11. Sorry for how hard this is for your family. I love how your brother joined in to help your mom say what she wanted to say….such a loving thing. Both of my parents lingered on this path for several years before their deaths. It is hard. I admire that each of you are addressing your grief in your own way.

  12. I have been wondering how your mom was doing. Last time I saw her was when I was pregnant with my son Miner, and attending the institute as a PSY student in 2010. I remember thinking she had changed even then. I just love your family to the core. Your siblings, Jennilyn, your Dad, and your sweet mom. I really hope this doesn't happen to my mom, it makes me feel sad to watch this video. But also at the same time I am grateful that Chad made it because it shows me how Alzheimer's affects a family. I'm very sorry your mom is going through this. I think seeing your Dad care for her makes it very heart wrenching for me. Big hugs to your family.

  13. This is heartbreaking! Lots of prayers for you and your family especially your dad. Make sure he has a break from caregiving when he can. It can be very overwhelming. I know this from experience. May angels accompany you and your family in this journey. Lots of love and prayers!

  14. My grandfather has had dementia for probably upwards of ten years. He is 92 and lives with my parents. I go over there often, at least once a week.

    These days he doesn't remember me.. except for the Tuesday before Christmas! I was over as usual, and he asked me, "Are you (insert my parents' names) daughter?"

    When usually I'm greeted with, "Now, who are you?".. his rembering who my patents are was pretty darn great!!

    But yes, I know its hard. I'm so sorry.

  15. I know it was hard to write this post and really hard to ask for help, so I thank you for doing something that really goes against the grain. Sometimes we do this hard thing that doesn't necessarily make us so much a better person but helps a LOT of other folks be better people – I thank you as one of those.

    I echo what everyone has said – it is so hard, and your mom is so lovely. I know from experience that her joy in life is not a given when dealing with this disease, not at all. My hat is off to your dad, and also I sadly agree with the person who said – you never know which family will be hit by this.

    Thank you, Chad for making this video and organizing the fund.

  16. And here I was, sitting here feeling sorry for myself because my husband has dementia-like symptoms as the result of seizures, a few small strokes, and other illnesses. In the last year, my two oldest children – a son and a daughter – returned from serving their missions, and were both really shocked at the differences and deterioration they saw in their Dad. So I know they would understand where Chad is coming from.

    I don't know if one situation is more difficult than the other, but I'm positive that they both stink. A lot. Because of our own medical bills, I can't contribute monetarily. But I can send prayers and good thoughts to your entire family as you try to cope with your situation.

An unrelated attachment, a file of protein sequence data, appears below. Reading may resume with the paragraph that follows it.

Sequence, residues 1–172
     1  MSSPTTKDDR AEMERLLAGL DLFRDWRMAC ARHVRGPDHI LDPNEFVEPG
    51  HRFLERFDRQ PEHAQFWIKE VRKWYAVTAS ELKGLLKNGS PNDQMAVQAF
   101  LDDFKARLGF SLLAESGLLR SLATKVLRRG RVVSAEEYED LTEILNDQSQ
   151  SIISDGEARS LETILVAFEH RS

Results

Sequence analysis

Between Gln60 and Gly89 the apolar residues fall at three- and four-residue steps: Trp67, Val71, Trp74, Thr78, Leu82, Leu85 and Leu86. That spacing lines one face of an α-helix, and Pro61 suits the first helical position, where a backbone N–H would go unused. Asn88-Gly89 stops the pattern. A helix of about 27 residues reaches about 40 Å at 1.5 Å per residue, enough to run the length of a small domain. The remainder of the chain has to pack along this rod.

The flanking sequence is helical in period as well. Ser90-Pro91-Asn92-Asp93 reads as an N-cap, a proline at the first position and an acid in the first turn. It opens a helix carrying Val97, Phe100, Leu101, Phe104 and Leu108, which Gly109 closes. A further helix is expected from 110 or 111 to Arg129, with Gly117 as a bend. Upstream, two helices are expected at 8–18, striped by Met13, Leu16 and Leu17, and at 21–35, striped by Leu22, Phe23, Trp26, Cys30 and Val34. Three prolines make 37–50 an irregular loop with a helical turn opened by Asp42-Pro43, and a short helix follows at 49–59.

17. Can you post something else now? I visit your blog semi regularly and everytime I see this post pop up it makes me really sad. I don't know if it is because I have a fear that this will happen to me or what, but please just post something else. Something more lighthearted. I'm not saying you shouldn't have posted this at all. It's just that it is heartbreaking and there needs to be some happiness on the blog now. A baby belly shot. Anything.

  18. Hi Josh,

    Hope this email finds you well.

    I'm with HuffPost Live–the live-streaming network with The Huffington Post.

    TODAY at 3pm ET, I'm producing a segment on sex & religion and how the two worlds collide, and after reading your blogpost, I think you'd make a great guest on our chat.

    Would you be available to join us as a guest via webcam today for a 30 minute discussion? If interested or available, please let me know and I'd be happy to provide you with further details.

    Hope to hear from you soon,
    Felicia Kelley

  19. I can't imagine the pain of having a parent go through early onset, she is so young. Alzheimers is a terrible disease. I saw my beloved grandmother dwindle away with it for years. A very hard thing to go through with someone you love. My heart and prayers go out to your family, all those who love her, and to your mother also. Your mother seems like a really lovely woman.

  20. There is an excellent documentary about a family dealing with early onset Alzheimer's called "Forgetful Not Forgotten." I highly recommend it.

  21. There is an excellent documentary about a family dealing with early onset Alzheimer's called "Forgetful Not Forgotten." I highly recommend it.

  22. Josh. There is a lot that I would like to talk with you about. But set that aside, and the video of your mother, and your obvious love and compassion for her, frankly wrecks me.

    I lost my mother just a little more than one year ago. She had been suffering from dementia for over ten years prior to her passing. An amazing, intellectual woman, her deterioration was devastating to herself as well as her family. But she never lost the love for her children that shone from the core of her being, never lost the grace she felt toward every child that came into her view. I wish you, your family, and "Mother Weed" the very best that this world allows. Thank you for sharing your love for you mother with us.